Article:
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What is 'The Morris'
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Otford Morris dancing is an ancient seasonal pagan ritual male custom associated with the bringing of luck, the fertility and regeneration of the soil, and the promotion of the cycle of the seasons. The form of the dance varies with geographical location and each village has its own distinctive tradition or style of dances. The Mayflower Morris Men perform mainly the Cotswold Morris with its characteristic white handkerchiefs, sticks and bells.

The dances have been passed down through the generations and even today cannot be learned from books. In days gone by, competition was keen among the village youths to join the Morris and it was a great honour to be selected to dance.

The Morris almost died out at the end of the 19th century when Cecil Sharp, the folk-song and dance collector, discovered just four village Morris sides left. Thanks to him, a revival of interest resulted in the existence today of over 250 English Morris sides. In the dances there'll be much jingling of bells and stick-clashing to frighten away the evil spirits, and high capers will encourage Mother Earth to ensure the crops grow tall in the coming harvest. There'll be much primæval energy and magic in the air - so be sure to partake of the good luck generated and contribute to the Bag to help keep a quintessential part of English rural tradition alive.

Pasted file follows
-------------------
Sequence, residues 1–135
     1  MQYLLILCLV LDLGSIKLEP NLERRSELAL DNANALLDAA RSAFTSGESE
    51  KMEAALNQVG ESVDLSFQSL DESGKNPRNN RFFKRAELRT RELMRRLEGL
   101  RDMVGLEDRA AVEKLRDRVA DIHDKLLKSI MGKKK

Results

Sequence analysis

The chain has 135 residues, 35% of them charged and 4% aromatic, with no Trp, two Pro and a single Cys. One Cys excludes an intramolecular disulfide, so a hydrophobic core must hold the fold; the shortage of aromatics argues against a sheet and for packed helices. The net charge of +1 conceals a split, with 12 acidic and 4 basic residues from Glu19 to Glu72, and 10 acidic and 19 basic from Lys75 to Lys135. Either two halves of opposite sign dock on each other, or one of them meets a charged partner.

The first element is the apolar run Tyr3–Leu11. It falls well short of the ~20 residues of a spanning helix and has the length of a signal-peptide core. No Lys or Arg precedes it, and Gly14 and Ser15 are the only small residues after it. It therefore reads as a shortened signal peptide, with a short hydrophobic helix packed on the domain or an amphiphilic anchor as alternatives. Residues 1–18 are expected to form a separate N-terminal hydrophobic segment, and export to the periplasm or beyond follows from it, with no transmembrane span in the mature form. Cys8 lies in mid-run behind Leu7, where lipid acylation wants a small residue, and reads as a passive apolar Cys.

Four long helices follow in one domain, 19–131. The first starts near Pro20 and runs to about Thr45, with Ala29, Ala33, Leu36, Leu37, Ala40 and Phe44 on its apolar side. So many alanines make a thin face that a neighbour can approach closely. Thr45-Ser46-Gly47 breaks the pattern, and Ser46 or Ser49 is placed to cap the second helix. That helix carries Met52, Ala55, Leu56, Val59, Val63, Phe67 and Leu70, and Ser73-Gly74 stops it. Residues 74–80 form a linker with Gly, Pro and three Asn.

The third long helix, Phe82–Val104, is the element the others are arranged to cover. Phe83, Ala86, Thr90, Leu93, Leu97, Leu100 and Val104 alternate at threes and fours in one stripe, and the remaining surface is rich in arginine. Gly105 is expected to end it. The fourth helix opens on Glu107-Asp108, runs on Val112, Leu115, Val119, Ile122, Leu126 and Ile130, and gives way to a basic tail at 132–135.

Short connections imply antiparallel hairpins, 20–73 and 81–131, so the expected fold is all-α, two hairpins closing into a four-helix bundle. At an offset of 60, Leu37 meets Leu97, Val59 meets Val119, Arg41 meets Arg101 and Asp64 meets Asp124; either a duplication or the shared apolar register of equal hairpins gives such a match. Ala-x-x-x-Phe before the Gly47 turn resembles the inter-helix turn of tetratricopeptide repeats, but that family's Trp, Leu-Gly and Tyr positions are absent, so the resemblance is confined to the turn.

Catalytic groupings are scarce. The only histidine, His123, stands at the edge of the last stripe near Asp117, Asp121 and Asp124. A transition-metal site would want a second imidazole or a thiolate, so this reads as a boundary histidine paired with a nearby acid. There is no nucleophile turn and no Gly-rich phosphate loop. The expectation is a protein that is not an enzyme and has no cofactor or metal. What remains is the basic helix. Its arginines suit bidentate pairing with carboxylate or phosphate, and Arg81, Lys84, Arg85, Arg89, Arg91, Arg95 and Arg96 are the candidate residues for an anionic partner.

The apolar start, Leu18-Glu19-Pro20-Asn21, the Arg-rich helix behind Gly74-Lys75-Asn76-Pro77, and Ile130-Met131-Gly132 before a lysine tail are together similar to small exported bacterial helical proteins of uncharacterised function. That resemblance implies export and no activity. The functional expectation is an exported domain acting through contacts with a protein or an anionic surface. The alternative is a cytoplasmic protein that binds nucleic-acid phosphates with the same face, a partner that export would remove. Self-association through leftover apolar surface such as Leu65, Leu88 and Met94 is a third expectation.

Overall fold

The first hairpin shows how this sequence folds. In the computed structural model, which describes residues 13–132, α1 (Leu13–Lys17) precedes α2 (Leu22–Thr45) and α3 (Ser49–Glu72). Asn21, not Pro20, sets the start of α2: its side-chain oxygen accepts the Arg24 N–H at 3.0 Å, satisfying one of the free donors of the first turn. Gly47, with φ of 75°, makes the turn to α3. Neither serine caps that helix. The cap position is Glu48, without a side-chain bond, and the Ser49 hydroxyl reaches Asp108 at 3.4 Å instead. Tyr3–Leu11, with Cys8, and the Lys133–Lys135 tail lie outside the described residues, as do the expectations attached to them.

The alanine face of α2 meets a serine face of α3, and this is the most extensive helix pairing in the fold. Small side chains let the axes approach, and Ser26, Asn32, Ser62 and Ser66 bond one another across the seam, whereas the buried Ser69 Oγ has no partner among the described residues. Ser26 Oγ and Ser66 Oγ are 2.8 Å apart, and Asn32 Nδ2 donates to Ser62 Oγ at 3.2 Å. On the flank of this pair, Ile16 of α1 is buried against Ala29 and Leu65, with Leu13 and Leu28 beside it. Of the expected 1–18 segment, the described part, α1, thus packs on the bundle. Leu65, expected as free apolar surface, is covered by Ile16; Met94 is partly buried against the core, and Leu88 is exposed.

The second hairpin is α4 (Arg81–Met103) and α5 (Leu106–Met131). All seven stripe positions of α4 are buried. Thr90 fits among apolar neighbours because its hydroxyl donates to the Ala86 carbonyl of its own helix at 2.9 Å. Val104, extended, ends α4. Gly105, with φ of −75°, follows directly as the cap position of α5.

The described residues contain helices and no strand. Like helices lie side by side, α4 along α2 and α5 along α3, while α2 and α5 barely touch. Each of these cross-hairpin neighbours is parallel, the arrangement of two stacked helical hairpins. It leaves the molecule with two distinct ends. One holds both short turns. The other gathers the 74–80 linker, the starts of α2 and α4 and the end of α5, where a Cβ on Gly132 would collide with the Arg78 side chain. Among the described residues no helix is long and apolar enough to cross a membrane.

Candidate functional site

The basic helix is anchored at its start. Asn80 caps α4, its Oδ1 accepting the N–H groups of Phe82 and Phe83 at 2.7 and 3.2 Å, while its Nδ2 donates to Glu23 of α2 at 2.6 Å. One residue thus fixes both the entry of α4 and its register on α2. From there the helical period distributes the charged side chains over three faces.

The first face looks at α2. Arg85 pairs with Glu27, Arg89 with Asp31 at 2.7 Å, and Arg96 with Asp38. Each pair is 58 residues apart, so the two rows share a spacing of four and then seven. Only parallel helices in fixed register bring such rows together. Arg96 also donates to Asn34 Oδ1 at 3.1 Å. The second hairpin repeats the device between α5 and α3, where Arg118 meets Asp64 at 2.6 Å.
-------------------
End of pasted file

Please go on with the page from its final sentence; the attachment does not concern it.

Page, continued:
For further information, visit The Morris Ring Website.